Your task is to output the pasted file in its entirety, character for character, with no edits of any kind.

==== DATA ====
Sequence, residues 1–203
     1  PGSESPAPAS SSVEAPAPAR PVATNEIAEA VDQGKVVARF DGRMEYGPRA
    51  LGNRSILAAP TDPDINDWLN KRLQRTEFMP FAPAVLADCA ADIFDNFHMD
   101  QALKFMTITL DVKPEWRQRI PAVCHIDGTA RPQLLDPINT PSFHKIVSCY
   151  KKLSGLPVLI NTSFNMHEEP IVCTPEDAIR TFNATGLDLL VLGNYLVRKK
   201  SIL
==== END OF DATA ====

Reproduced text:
Sequence, residues 1–203
     1  PGSESPAPAS SSVEAPAPAR PVATNEIAEA VDQGKVVARF DGRMEYGPRA
    51  LGNRSILAAP TDPDINDWLN KRLQRTEFMP FAPAVLADCA ADIFDNFHMD
   101  QALKFMTITL DVKPEWRQRI PAVCHIDGTA RPQLLDPINT PSFHKIVSCY
   151  KKLSGLPVLI NTSFNMHEEP IVCTPEDAIR TFNATGLDLL VLGNYLVRKK
   201  SIL